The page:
Monday, 21 June 2010

Businessman's Good Turn For Protected Animals

For those who may see this act of kindness as the correct thing to do; IT IS NOT. Buying wildlife from traders creates more trade – seeing this ‘new’ market, the hunters will go out and capture more animals to replace those bought.

It is at least gratifying to see such strong statements by the Sarawak Forestry Corporation.


Businessman's Good Turn For Protected Animals

KUCHING, June 21 (Bernama) -- A Sarawak businessman has done what the wildlife authorities may want everyone to do, or at least try to do.Thomas Ting bought eight protected animals he saw at a longhouse in Bintulu and handed them over to the Sarawak Forestry Corporation office there on Thursday.
The animals were three bearcat, three primates, one Borneon Gibbon and one slow loris."I pity these animals. That's why I decided to buy them, and placed them in temporary cages at home before surrendering them to the relevant authorities who can manage and take care of them. After surrendering these animals, I'm relieved as they are now in good hands."I will continue to cooperate fully with the Sarawak Forestry Corporation pertaining to wildlife protection as I consider it my responsibility," the good samaritan said in a statement released by Sarawak Forestry here Monday.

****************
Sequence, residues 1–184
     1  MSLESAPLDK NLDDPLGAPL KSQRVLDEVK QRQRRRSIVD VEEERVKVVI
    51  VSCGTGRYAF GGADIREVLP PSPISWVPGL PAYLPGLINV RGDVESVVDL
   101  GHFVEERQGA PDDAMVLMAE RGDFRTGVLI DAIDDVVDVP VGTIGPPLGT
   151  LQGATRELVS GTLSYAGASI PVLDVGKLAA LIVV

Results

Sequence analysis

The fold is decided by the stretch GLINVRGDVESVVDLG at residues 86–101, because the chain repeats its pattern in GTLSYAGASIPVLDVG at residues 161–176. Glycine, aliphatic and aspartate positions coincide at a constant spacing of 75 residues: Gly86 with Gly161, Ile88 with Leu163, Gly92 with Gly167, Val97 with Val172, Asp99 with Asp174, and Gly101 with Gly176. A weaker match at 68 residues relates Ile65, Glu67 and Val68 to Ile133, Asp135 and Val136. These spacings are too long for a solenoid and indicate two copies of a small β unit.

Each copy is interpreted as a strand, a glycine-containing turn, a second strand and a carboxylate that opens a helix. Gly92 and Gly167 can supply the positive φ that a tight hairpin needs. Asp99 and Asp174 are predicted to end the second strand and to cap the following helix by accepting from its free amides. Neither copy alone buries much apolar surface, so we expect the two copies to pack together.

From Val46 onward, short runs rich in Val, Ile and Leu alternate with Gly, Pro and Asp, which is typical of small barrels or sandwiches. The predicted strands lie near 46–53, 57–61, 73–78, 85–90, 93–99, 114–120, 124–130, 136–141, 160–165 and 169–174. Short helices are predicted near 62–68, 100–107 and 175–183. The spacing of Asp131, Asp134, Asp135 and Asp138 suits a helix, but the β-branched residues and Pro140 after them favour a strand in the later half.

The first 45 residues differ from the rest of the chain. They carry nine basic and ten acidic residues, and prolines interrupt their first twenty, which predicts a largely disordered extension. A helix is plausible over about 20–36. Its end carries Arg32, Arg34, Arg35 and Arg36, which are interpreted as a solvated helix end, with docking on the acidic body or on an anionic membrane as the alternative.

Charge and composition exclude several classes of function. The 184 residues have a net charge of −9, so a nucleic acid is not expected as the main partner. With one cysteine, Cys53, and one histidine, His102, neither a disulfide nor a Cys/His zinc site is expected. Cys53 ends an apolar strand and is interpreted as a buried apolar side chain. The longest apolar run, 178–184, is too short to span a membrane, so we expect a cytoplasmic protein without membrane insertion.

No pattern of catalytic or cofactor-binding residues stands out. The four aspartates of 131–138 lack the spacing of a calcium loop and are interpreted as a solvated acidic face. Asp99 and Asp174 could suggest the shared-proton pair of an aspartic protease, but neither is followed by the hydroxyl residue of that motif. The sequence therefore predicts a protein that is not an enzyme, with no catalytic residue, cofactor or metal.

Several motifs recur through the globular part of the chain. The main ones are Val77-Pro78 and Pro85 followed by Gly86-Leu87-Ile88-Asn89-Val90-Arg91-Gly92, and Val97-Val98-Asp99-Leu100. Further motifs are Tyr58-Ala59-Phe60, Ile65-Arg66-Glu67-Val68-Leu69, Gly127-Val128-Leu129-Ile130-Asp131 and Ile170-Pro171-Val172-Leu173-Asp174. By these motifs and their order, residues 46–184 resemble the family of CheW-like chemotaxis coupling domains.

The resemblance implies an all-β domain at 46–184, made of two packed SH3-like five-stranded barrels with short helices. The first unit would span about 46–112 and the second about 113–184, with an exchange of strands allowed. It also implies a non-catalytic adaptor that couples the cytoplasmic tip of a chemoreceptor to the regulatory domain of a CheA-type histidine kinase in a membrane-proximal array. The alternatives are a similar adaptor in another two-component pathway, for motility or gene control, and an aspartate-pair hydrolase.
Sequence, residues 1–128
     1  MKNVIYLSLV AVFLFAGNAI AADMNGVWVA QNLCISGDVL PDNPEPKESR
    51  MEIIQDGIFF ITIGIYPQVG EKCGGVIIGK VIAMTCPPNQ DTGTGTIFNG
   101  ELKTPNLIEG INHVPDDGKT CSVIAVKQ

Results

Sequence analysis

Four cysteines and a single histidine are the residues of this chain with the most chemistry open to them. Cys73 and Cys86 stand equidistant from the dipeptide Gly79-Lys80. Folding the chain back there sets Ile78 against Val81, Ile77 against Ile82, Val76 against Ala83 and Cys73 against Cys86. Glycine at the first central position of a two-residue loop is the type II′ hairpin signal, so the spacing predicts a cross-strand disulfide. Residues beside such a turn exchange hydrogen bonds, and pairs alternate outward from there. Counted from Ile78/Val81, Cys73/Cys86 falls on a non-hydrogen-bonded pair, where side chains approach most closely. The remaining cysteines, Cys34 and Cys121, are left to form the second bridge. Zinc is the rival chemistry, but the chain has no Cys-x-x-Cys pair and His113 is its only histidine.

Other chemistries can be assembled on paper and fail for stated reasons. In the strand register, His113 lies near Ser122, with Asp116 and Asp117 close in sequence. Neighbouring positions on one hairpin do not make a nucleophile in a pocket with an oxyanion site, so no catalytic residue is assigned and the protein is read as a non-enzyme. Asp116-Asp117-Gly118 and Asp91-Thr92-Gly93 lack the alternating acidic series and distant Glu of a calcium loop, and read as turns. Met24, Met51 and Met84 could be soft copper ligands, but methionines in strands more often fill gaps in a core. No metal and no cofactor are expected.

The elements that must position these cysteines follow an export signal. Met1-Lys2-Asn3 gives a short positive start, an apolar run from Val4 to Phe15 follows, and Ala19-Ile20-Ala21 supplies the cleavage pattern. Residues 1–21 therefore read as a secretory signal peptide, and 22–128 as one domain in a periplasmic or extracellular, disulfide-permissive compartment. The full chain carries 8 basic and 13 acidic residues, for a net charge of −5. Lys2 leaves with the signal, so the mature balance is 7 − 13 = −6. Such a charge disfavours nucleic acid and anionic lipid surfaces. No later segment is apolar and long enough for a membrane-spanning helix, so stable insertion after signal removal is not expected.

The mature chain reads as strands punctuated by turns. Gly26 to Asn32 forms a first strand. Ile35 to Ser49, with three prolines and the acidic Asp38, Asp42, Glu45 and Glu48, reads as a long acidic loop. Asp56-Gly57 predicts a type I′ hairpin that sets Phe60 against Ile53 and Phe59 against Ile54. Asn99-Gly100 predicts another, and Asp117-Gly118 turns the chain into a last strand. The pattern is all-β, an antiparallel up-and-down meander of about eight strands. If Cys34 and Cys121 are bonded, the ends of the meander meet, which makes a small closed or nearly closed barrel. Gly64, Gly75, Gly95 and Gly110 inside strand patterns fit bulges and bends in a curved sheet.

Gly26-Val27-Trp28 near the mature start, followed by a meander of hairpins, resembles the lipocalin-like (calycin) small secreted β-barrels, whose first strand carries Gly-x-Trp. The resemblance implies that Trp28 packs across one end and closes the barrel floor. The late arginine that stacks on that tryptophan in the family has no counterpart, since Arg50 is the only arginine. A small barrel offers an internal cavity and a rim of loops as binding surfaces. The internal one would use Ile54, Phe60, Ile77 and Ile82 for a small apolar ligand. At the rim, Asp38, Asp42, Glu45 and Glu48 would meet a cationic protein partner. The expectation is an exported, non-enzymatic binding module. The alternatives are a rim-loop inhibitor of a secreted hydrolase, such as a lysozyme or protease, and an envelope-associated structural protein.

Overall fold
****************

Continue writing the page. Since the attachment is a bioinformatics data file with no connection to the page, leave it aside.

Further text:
Meanwhile, Controller of Wildlife Datuk Len Talif Salleh said he was happy that the people were more aware of their responsibility in protecting wildlife in the state."Last week, we received a baby clouded leopard from a responsible citizen in Kuching and in a week's time another samaritan has handed over eight wildlife to us. This is a good sign in public awareness," he told a news conference here.Len Talif, who is also the managing director and chief executive officer of Sarawak Forestry, issued a warning to all illegal wildlife traders."I reiterate my zero-tolerance warning again.
Those who violate the laws will be prosecuted. It's the responsibility of everyone to curb the illegal wildlife trade as it is a leading cause of species extinction," he said.He said that under the Wild Life Protection Ordinance 1998, those who hunt, kill, keep, sell or eat wildlife are liable to a maximum fine of RM50,000 or five years' imprisonment, or both.
Len Talif said the Sarawak Forestry Corporation and Forests Department welcomed any information from the public on illegal wildlife trade and would work with all stakeholders to strive for the survival of these endangered species.He advised the public to report any illegal logging or wildlife trade by calling the hotline numbers 019-885 9996 (Kuching), 019-829 0994 (Miri), 019-826 6096 (Bintulu) and 019-829 0992 (Sibu).